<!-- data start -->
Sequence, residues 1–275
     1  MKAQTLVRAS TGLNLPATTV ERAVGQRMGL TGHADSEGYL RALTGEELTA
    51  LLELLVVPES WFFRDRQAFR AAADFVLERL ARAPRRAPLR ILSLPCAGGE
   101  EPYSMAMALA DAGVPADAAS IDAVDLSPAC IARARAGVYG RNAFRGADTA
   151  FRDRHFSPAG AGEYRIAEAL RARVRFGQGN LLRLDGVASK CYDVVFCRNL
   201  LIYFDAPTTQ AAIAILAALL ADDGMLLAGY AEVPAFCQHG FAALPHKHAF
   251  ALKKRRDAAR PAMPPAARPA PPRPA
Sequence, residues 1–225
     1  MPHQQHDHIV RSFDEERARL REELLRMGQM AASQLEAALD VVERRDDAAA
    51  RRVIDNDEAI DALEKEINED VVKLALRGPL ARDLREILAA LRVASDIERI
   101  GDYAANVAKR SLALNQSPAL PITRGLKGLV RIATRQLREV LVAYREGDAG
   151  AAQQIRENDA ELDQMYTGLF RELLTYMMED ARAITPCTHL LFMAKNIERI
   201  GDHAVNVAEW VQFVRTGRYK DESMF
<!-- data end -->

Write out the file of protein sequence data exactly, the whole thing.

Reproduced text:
Sequence, residues 1–275
     1  MKAQTLVRAS TGLNLPATTV ERAVGQRMGL TGHADSEGYL RALTGEELTA
    51  LLELLVVPES WFFRDRQAFR AAADFVLERL ARAPRRAPLR ILSLPCAGGE
   101  EPYSMAMALA DAGVPADAAS IDAVDLSPAC IARARAGVYG RNAFRGADTA
   151  FRDRHFSPAG AGEYRIAEAL RARVRFGQGN LLRLDGVASK CYDVVFCRNL
   201  LIYFDAPTTQ AAIAILAALL ADDGMLLAGY AEVPAFCQHG FAALPHKHAF
   251  ALKKRRDAAR PAMPPAARPA PPRPA
Sequence, residues 1–225
     1  MPHQQHDHIV RSFDEERARL REELLRMGQM AASQLEAALD VVERRDDAAA
    51  RRVIDNDEAI DALEKEINED VVKLALRGPL ARDLREILAA LRVASDIERI
   101  GDYAANVAKR SLALNQSPAL PITRGLKGLV RIATRQLREV LVAYREGDAG
   151  AAQQIRENDA ELDQMYTGLF RELLTYMMED ARAITPCTHL LFMAKNIERI
   201  GDHAVNVAEW VQFVRTGRYK DESMF